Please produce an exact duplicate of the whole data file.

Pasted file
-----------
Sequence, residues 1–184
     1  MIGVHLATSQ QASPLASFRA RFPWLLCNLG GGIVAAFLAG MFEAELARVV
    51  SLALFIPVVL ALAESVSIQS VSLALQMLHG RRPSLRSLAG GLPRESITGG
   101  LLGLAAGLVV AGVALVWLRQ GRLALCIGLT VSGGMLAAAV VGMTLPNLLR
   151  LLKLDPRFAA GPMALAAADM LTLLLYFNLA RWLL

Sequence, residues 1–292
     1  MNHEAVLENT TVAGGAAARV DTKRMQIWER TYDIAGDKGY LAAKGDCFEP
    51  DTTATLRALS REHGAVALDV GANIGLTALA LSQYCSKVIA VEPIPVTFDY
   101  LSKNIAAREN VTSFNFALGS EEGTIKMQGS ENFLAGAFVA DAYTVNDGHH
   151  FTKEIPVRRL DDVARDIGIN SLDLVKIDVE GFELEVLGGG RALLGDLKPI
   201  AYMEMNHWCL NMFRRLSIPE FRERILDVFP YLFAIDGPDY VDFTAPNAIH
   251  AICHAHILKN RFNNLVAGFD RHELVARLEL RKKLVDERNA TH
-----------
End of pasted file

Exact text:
Sequence, residues 1–184
     1  MIGVHLATSQ QASPLASFRA RFPWLLCNLG GGIVAAFLAG MFEAELARVV
    51  SLALFIPVVL ALAESVSIQS VSLALQMLHG RRPSLRSLAG GLPRESITGG
   101  LLGLAAGLVV AGVALVWLRQ GRLALCIGLT VSGGMLAAAV VGMTLPNLLR
   151  LLKLDPRFAA GPMALAAADM LTLLLYFNLA RWLL

Sequence, residues 1–292
     1  MNHEAVLENT TVAGGAAARV DTKRMQIWER TYDIAGDKGY LAAKGDCFEP
    51  DTTATLRALS REHGAVALDV GANIGLTALA LSQYCSKVIA VEPIPVTFDY
   101  LSKNIAAREN VTSFNFALGS EEGTIKMQGS ENFLAGAFVA DAYTVNDGHH
   151  FTKEIPVRRL DDVARDIGIN SLDLVKIDVE GFELEVLGGG RALLGDLKPI
   201  AYMEMNHWCL NMFRRLSIPE FRERILDVFP YLFAIDGPDY VDFTAPNAIH
   251  AICHAHILKN RFNNLVAGFD RHELVARLEL RKKLVDERNA TH